The ecological validity of the “who said what?” technique: An examination of the role of self-involvement, cognitive interference and acquaintanceship


Fabio Sani, Department of Psychology, Park Place, University of Dundee, Dundee, DD1 4HN, Scotland, UK. E-mail:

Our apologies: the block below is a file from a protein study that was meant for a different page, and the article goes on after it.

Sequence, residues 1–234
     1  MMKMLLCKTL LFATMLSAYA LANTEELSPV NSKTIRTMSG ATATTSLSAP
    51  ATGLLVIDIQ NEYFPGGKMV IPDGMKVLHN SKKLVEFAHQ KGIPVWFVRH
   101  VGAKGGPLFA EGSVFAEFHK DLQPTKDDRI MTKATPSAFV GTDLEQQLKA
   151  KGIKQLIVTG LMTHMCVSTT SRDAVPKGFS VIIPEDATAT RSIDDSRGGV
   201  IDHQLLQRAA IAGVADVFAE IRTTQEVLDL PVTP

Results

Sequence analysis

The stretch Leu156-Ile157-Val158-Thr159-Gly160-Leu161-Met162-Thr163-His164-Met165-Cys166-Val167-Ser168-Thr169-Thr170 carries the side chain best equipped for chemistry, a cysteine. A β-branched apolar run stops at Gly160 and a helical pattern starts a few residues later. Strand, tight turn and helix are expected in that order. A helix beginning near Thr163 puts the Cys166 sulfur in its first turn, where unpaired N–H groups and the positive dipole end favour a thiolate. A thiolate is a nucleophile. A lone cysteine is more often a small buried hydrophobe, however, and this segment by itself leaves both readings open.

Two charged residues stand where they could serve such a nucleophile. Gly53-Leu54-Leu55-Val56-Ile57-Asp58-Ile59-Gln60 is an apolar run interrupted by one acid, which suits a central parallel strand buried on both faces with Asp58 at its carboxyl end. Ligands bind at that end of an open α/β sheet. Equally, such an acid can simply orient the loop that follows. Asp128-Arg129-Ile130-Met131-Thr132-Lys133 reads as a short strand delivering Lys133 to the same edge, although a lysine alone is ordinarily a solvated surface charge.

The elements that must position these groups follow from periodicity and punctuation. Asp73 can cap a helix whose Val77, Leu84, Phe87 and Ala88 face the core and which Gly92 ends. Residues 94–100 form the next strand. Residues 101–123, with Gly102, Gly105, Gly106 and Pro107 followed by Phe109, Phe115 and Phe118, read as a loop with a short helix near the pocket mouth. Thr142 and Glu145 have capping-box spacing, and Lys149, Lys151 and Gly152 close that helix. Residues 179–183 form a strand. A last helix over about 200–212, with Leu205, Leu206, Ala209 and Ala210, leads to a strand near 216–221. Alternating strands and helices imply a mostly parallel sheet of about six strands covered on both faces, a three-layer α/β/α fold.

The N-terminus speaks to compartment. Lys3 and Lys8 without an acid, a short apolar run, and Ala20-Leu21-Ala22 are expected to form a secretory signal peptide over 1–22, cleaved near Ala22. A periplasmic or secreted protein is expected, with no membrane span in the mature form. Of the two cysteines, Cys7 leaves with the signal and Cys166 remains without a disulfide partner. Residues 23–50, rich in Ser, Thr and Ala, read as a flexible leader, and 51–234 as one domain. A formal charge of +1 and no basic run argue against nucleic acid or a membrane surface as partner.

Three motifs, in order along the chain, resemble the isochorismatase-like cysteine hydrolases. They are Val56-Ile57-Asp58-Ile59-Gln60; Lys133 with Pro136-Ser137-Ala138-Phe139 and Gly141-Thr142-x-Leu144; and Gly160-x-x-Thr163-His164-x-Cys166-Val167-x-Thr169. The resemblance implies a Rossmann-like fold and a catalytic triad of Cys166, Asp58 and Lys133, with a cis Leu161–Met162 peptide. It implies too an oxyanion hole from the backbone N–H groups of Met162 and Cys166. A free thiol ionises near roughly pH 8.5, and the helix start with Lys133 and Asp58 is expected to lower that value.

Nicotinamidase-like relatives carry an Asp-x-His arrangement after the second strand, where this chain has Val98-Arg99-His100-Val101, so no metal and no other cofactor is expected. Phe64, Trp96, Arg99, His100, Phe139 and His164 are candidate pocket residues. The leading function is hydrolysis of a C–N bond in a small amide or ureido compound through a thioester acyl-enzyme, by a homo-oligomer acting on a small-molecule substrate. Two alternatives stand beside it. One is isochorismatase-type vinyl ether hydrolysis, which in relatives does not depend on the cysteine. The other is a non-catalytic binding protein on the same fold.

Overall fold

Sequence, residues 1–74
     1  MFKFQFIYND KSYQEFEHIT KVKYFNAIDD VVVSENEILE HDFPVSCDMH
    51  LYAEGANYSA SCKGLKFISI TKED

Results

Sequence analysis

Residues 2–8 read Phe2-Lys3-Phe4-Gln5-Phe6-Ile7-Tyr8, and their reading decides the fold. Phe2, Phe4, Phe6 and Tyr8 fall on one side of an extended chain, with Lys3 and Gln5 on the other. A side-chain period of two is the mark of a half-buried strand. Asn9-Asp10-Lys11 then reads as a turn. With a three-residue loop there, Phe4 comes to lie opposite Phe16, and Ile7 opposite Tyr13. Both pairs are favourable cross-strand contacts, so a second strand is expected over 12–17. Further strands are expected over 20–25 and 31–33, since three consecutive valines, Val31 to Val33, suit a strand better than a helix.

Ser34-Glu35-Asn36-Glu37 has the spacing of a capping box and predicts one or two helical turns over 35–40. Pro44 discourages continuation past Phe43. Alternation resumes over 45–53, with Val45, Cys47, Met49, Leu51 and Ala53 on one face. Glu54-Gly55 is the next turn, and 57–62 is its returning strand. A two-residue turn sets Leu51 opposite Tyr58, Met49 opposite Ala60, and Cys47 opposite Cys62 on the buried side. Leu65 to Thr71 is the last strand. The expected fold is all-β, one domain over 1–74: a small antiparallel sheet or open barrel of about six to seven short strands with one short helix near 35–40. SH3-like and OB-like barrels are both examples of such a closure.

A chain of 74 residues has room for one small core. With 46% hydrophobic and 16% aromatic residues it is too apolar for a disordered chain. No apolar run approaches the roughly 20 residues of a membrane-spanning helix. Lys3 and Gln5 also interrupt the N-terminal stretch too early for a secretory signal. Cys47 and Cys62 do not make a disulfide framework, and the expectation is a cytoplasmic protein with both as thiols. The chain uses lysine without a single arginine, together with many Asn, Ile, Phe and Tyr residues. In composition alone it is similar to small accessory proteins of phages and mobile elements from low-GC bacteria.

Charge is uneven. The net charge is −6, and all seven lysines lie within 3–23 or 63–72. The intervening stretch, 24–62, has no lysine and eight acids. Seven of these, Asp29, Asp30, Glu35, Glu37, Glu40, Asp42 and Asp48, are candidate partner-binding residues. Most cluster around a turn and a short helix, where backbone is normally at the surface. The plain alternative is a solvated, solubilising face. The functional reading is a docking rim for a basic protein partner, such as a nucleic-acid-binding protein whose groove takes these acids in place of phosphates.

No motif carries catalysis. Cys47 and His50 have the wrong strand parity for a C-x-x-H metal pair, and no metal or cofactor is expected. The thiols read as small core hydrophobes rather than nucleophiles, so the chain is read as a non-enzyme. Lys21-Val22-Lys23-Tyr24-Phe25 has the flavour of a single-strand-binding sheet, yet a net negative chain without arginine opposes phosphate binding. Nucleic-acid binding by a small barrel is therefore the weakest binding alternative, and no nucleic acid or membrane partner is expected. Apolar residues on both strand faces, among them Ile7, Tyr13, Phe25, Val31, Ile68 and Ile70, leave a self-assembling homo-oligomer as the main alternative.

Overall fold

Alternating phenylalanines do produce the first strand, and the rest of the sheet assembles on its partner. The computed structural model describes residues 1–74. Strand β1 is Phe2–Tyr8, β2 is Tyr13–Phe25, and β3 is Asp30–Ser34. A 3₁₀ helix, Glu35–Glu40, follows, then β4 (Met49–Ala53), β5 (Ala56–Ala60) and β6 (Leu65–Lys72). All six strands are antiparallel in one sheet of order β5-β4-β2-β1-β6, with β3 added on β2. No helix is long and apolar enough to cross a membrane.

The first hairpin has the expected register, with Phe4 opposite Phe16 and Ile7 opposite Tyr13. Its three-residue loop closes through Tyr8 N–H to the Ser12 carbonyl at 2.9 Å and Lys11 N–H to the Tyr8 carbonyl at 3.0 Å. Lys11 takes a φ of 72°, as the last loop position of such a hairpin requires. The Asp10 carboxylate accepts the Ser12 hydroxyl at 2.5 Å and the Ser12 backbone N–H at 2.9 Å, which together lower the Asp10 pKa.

Questions are raised about the possible ecological invalidity of the traditional “who said what?” (WSW) procedure. Three studies are reported which use a modified, quasi-naturalistic version of the WSW technique, in which rather than being passive recipients of presented information, participants instead play an active role in the production of such information in an interactive context. Data are presented that demonstrate that the social categorization effect typically obtained through the traditional WSW procedure generalizes beyond the circumstances in which it was initially demonstrated. Thus, in Study 1 it was established that social categories (gender, in this case) are cognitively used in real interactions between participants in order to organize information. Moreover, Study 2 demonstrated that the use of categories is accentuated when, as is typical in real world situations, recollections are not made immediately after the perception of the relevant stimuli but following a period of intervening cognitive activity. The findings of Study 3, however, suggest that the WSW technique may not inevitably lead to social categorization effects: typical effects did not appear when participants knew each other well, and therefore saw one another as unique, idiosyncratic individuals, rather than as category members.